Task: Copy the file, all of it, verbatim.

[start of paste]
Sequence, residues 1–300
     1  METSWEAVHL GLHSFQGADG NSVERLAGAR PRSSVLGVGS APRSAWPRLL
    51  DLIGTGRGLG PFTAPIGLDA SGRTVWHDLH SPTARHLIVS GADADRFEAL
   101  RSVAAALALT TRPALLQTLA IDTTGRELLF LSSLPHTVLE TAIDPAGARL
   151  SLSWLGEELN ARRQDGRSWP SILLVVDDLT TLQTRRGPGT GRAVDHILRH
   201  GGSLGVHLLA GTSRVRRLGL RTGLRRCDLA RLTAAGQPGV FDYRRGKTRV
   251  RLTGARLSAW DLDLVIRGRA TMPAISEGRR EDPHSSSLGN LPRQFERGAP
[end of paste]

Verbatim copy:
Sequence, residues 1–300
     1  METSWEAVHL GLHSFQGADG NSVERLAGAR PRSSVLGVGS APRSAWPRLL
    51  DLIGTGRGLG PFTAPIGLDA SGRTVWHDLH SPTARHLIVS GADADRFEAL
   101  RSVAAALALT TRPALLQTLA IDTTGRELLF LSSLPHTVLE TAIDPAGARL
   151  SLSWLGEELN ARRQDGRSWP SILLVVDDLT TLQTRRGPGT GRAVDHILRH
   201  GGSLGVHLLA GTSRVRRLGL RTGLRRCDLA RLTAAGQPGV FDYRRGKTRV
   251  RLTGARLSAW DLDLVIRGRA TMPAISEGRR EDPHSSSLGN LPRQFERGAP